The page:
These efforts, led in Canada by Arthur B. McDonald, an emeritus professor at Queen’s University and the co-recipient of the 2015 Nobel Prize in Physics, are harnessing the talents of physicists who would normally be spending their time trying to solve the mysteries of dark matter. Since both tasks depend on the precise regulation of gas flow, Dr. McDonald and the project founder, Dr. Cristiano Galbiati in Italy, felt their fellow astroparticle physicists were perfectly positioned to help build up the world’s ventilator supply.

In Canada, Dr. McDonald got instant and continuing participation from the lab directors and teams at TRIUMF Laboratory, Canadian Nuclear Laboratories at Chalk River, SNOLAB, and the McDonald Institute.

The collaboration, now called the MVM Ventilator project, has gained national attention.

This work at such a difficult time for the world has captured the imagination of a dozen Canadian philanthropists who have stepped forward to support the project financially with donations through Queen’s University to the Dr. Art McDonald Ventilator Research Fund.

Sobey is a Queen’s alumnus and the chair emeritus of Empire Company Limited, who made his donation less than 24 hours after receiving a call from fellow Nova Scotian Dr. McDonald.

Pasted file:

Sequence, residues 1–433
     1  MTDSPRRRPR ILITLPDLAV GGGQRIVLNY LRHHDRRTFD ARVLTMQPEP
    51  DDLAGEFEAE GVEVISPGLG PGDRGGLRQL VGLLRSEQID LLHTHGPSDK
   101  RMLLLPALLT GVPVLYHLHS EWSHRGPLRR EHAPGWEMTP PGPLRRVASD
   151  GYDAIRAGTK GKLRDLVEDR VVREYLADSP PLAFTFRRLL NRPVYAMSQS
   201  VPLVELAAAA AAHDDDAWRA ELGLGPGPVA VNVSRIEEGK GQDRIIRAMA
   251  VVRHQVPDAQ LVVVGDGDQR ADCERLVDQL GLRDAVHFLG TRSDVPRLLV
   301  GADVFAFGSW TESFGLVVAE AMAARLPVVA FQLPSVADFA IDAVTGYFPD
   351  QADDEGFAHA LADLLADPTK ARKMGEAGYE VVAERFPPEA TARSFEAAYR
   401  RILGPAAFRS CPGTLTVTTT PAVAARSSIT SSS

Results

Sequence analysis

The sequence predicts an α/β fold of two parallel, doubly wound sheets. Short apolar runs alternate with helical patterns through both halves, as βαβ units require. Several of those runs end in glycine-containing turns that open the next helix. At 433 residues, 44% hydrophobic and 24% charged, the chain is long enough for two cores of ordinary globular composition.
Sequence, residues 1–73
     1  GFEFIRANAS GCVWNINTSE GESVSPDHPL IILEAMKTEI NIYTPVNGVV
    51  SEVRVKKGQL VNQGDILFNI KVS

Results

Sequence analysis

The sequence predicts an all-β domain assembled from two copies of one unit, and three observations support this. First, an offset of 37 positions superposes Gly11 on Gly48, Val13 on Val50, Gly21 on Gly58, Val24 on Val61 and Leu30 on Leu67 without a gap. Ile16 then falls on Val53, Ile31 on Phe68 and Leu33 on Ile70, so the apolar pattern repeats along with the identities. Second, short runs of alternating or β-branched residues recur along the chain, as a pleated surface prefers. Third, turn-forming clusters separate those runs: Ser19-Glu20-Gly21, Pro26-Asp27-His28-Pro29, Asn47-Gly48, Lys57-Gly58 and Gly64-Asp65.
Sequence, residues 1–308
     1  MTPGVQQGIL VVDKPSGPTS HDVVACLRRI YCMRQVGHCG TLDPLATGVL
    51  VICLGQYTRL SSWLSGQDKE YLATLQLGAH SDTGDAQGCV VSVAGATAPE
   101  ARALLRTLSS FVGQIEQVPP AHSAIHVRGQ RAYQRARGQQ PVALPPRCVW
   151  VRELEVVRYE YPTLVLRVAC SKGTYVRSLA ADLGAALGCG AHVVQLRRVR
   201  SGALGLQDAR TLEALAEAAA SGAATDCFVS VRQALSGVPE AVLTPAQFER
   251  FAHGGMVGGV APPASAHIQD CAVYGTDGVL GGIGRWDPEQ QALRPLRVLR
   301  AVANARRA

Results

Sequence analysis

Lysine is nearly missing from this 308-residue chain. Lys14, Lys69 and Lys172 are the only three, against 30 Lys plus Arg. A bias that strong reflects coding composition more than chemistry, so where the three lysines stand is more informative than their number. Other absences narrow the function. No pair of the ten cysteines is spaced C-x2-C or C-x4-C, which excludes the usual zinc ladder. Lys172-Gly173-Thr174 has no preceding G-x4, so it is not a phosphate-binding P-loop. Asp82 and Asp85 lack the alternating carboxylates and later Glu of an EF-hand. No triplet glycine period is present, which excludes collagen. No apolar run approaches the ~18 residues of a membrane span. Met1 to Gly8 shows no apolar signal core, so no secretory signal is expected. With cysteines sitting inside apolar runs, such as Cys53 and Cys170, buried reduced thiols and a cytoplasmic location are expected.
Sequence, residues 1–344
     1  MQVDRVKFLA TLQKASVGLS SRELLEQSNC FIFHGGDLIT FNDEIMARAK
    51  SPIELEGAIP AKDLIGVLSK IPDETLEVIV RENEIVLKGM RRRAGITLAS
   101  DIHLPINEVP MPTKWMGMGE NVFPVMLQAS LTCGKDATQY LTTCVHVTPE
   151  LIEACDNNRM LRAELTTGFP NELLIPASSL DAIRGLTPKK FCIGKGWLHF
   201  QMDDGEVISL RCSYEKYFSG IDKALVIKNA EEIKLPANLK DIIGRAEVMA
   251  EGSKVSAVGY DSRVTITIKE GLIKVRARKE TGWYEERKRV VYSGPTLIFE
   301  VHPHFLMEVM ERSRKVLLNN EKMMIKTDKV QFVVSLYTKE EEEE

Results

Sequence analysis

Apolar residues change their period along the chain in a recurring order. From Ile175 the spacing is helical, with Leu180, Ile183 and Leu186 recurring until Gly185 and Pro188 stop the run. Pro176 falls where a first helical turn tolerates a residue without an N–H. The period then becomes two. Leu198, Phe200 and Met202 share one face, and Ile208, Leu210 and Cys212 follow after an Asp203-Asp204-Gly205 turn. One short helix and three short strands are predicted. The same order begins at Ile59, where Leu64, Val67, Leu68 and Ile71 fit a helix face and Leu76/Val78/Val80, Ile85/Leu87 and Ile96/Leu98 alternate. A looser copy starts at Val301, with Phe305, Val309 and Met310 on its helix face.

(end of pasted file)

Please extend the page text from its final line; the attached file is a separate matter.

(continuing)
“Dr. McDonald’s leadership and brilliance in developing a Canadian solution to the global ventilator shortage during the COVID-19 pandemic is inspiring,” says Sobey. “He is one of the leading scientific minds in the world, and a source of pride for all Canadians. But when we spoke about the urgent issues facing his project, I was compelled by the voice of a true humanitarian.”

Sharing Sobey’s enthusiasm for the project are the Lazaridis Family Foundation, The Garrett Family Foundation, Josh Felker, Dan Robichaud, Patricia Saputo, Peter Nicholson, Salvatore Guerrera, and Nicola Tedeschi, as well as four anonymous donors.

“The very generous donations by Donald Sobey and the other philanthropists have been crucial for us to maintain our research at a very critical time in the project. I have been amazed and extremely grateful for their very timely support, as it has enabled our team to push past obstacles towards our goal of producing large numbers of cost-effective ventilators with strong capability for saving lives.”

The MVM Ventilator project is proceeding well toward its goal through successful testing of the ventilator in Italy, Canada, and the US for certification, guided by medical experts. The collaboration team is working with manufacturers who are capable of production at rates up to 1,000 per week in the near future. In Canada, the production companies will be Vexos in Markham, Ont., and JMP Solutions in London, Ont. The development work is published openly and is being carried out with an open source licensing concept, enabling companies around the world to manufacture this design to help with shortages in other countries.